Mathrani was sucked further into the restaurant business when they decided to buy out their partners and then purchase and revive Veeraswamy, London’s longest established Indian restaurant. “By the late 1990’s I felt that we had established that Indian food was more than curry houses, a process that had been helped by the emergence of good-quality, ready prepared Indian food in the supermarkets. But we were still only operating at the top end of the market and the challenge I set Namita and Camellia was to create a concept that was no more expensive than the curry house but far more exciting. That’s how Masala Zone came about which combines the informal, colourful appeal of Indian street food with thalis, Indian family food. Thalis, where different dishes are served in separate bowls on a tray, seems to particularly appeal to the British desire for variety.”
The financial discipline necessary to operate the three Masala Zones, where the average bill is around £13, has in turn appealed to Mathrani’s instinct for detail in contrast to the Panjabi’s hitherto five star world but it also gave him the opportunity to exert his influence on an area that was critical to him, the service. “In 2000 Namita suggested I go over to New York and look at how they looked after their customers and I was riveted by the informality, friendliness, hospitality and professionalism of the city’s best practitioners and the impact these factors had on the customer’s whole restaurant experience.
“I returned determined to instil the same approach here and my idea was to do this by hiring students who are invariably bright, young, energetic and hungry. There was initially considerable resistance from my managers but as we developed more Masala Zones I’ve been able to inculcate this throughout the company. I’ve one criterion when I’m interviewing – if the interviewee doesn’t come through the door with a smile on their face then I terminate the interview straight away.”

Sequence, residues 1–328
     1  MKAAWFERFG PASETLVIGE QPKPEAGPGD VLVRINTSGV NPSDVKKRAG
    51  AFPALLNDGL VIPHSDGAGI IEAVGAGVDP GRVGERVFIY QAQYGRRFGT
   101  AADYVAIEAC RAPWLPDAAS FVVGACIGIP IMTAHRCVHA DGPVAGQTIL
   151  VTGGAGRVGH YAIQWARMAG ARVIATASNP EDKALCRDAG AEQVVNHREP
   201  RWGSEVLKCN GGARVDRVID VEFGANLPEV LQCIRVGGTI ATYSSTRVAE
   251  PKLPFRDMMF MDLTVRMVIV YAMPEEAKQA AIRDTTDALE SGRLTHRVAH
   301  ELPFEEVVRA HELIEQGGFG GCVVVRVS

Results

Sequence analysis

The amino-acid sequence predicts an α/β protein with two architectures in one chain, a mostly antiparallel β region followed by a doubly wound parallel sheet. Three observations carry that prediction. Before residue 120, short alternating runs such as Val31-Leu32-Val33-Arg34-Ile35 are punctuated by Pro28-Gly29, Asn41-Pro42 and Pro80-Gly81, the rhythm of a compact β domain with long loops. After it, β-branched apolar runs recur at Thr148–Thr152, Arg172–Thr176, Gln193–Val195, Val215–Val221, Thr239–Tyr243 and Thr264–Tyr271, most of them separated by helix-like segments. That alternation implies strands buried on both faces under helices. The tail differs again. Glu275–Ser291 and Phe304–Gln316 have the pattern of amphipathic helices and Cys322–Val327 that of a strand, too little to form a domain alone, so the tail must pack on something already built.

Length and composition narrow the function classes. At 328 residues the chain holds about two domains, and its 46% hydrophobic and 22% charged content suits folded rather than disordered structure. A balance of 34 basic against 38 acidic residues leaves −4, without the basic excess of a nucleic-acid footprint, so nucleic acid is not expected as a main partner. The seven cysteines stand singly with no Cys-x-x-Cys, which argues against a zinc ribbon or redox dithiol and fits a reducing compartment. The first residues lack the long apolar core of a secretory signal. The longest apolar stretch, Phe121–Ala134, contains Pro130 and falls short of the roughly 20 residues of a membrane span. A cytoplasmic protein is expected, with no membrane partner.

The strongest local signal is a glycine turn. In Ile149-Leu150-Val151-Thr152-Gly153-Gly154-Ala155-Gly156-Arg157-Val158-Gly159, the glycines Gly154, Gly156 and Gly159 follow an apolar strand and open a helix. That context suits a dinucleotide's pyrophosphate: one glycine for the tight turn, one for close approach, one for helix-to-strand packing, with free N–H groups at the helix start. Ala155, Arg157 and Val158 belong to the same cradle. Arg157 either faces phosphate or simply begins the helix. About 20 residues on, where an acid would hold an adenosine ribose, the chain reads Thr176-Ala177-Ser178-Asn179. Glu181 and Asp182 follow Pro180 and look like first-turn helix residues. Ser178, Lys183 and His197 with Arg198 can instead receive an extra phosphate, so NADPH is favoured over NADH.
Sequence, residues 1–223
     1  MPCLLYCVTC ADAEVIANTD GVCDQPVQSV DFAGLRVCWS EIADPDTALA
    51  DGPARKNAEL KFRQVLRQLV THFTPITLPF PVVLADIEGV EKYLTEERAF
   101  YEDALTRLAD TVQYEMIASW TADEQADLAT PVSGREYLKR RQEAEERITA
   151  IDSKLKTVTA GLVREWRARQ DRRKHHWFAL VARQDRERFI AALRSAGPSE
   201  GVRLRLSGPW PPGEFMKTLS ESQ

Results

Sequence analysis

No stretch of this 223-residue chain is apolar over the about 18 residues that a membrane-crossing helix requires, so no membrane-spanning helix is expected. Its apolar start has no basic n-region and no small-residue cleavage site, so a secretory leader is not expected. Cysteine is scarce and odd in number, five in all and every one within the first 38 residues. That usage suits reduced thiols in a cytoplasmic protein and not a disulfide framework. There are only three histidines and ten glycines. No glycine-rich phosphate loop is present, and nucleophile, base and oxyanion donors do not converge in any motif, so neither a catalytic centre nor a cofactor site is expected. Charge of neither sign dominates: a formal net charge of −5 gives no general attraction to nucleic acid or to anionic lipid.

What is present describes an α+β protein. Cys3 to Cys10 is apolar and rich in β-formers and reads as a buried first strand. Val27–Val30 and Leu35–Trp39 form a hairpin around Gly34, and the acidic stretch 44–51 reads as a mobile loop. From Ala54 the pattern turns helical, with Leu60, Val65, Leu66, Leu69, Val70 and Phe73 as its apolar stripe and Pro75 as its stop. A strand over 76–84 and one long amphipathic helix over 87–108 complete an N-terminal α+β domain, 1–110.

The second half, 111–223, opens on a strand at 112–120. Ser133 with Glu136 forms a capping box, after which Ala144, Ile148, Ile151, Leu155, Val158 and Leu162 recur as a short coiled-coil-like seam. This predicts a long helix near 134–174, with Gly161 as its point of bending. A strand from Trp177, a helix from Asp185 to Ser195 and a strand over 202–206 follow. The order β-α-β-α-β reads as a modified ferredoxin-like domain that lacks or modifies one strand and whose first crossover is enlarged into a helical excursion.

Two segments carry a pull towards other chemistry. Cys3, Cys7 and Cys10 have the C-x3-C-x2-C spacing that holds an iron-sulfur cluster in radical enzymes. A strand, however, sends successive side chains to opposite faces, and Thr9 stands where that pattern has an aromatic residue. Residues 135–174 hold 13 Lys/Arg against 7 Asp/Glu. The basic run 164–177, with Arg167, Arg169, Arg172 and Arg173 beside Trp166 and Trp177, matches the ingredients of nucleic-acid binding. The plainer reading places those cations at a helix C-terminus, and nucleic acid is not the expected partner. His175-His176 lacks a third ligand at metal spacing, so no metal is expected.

This approach was exemplified by the cheery young Bulgarian waitress who served us at a table right by the open kitchen at Amaya, whose overwhelming popularity since it opened in Belgravia two years ago embodying modern Indian design, style and cooking, had taken them all by surprise, Mathrani admitted. While she delivered a sequence of light, flavourful dishes, scallops on a light herb sauce, tandoori broccoli, spiced grilled aubergine, quail in an apricot and ginger marinade and my particular favourite a Dori Kebab from Lucknow made from finely ground mince, Mathrani explained that he had had the idea for an Indian grill ten years ago in response to two particular challenges. “I could see that people were becoming more health-conscious, that there was a move away from sauce based dishes, which is after all what a curry is. And secondly I wanted to create a menu that would break down the British aversion to eating Indian food at lunchtime.”
Amaya, where it is certainly not easy to get a reservation for dinner, would lend itself to other sites across London, I suggested, but Mathrani has other ideas. “I would never say never – and we may one day consider a second Amaya in the City where business is predominantly at lunchtime – but my plan over the next two years is to open another couple of Masala Zones because I think the market is there and we have the structure to build not a chain but a group. There’s an important distinction because that would mean for me that our core values – the cooking, the prices and the excitement – would remain constant but the visual experience would differ and depend on the eventual site.”
Towards the end of our meal, Mathrani explained that it was the variety and complexity of his time as a restaurateur that have most appealed. “I’m an intellectual magpie,” he added with a smile, “and I’ve come home to roost.”